A deep dive into adaptogenic recipes and blends will reveal that they supposedly balance hormones, help you sleep like a rock, kick PMS symptoms in the butt, ease cravings, rev metabolism, give you glowing skin, and basically turn you into a superhuman. It’s no surprise that the awe-inspiring tonics have invaded our Instagram and Pinterest feeds (according to Pinterest stats, has been saved 247 percent more times than last year), coffee chats, and wellness platforms across the globe.
It’s hard to pinpoint exactly what catapulted adaptogens into the spotlight, but it likely coincides with the ever-growing interest in holistic health. In 2011, the U.S. noted a 380-percent increase in the . Maybe the launch of Gwyneth Paltrow's Goop sparked some interest? Say what you will about celebrity-inspired wellness trends, but it can’t be denied the rich and famous can .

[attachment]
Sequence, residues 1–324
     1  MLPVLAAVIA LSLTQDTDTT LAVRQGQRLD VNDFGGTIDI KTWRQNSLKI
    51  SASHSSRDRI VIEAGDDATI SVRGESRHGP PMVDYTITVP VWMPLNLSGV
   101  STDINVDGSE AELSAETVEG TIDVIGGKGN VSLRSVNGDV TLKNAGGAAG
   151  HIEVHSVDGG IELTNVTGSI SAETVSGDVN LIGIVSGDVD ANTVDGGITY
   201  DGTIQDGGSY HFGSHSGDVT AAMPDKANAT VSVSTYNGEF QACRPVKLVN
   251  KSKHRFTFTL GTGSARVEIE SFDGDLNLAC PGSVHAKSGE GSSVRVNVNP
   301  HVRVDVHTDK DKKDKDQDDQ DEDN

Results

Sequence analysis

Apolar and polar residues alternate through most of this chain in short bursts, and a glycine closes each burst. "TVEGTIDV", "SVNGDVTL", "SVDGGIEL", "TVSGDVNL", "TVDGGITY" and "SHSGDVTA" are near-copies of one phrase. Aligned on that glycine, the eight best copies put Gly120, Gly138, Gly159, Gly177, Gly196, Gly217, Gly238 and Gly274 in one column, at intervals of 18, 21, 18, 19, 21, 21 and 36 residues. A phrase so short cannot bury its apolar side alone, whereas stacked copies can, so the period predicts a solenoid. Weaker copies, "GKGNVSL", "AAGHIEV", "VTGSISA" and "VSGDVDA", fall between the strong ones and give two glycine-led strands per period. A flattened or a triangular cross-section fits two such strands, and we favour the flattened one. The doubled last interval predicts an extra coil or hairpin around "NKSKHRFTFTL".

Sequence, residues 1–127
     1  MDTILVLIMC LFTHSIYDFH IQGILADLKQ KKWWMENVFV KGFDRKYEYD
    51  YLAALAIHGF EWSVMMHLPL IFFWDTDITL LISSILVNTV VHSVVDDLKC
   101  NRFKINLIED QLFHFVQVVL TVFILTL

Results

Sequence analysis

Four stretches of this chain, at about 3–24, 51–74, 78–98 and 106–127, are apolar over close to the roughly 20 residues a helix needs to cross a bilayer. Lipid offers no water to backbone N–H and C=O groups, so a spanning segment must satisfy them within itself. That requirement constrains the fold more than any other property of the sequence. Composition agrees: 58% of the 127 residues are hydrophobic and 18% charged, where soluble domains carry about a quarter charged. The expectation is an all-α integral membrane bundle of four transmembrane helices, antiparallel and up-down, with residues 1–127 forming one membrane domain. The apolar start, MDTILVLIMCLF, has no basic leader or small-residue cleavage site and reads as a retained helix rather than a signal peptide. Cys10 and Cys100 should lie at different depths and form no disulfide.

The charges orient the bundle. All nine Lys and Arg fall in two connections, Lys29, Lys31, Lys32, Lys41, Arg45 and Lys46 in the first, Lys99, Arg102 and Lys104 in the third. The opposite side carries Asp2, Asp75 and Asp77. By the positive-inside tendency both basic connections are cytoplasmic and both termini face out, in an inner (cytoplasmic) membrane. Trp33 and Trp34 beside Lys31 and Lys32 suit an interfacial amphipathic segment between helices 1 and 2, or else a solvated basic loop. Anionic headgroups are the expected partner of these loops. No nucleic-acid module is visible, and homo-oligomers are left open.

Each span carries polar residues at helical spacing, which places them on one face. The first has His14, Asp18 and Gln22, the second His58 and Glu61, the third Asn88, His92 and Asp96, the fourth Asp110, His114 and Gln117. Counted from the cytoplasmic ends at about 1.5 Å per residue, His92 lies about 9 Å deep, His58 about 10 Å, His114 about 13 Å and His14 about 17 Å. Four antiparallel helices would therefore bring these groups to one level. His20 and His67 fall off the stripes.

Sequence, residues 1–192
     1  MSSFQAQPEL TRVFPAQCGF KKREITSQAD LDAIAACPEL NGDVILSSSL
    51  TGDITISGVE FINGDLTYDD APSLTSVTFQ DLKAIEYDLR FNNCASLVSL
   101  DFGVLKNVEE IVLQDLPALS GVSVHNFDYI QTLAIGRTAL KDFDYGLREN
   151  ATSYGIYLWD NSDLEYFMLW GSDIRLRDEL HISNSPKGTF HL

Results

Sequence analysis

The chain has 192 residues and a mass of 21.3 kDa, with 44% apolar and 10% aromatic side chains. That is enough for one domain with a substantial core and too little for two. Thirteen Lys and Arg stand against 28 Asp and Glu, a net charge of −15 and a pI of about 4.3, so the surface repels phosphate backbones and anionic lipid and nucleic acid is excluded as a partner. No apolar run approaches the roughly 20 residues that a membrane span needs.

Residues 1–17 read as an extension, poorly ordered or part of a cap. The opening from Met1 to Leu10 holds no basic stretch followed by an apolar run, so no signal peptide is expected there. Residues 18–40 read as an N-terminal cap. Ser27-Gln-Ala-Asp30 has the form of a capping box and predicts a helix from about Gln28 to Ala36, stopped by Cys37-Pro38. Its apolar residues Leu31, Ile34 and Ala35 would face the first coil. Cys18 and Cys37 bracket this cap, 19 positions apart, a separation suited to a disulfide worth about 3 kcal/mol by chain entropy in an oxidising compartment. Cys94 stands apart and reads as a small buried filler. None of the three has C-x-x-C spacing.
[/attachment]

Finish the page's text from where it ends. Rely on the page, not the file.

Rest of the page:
So next time you see a mushroom hot cocoa, hormone-balancing nut milk, ashwagandha sleep tonic, or maca latte, don’t worry, you’re not late to the game. The world is slowly learning about adaptogens too—and drinking them in smoothies and lattes in the process.
Do They Work?
Because many adaptogens have yet to be adequately studied, it’s hard to say just how legit they are. But I decided to give four a go and see if they live up to the hype. Note: These are my personal opinions and experiences, so this is not meant to serve as nutritional advice.
If I were T. Swift, I’d write a love song about ashwagandha. What the multi-faceted herb lacks in taste—it’s bitter and pungent and has a bit of a stench—it makes up for in benefits, and science-backed ones at that. (It’s not always love at first sight! Or sniff, or taste... )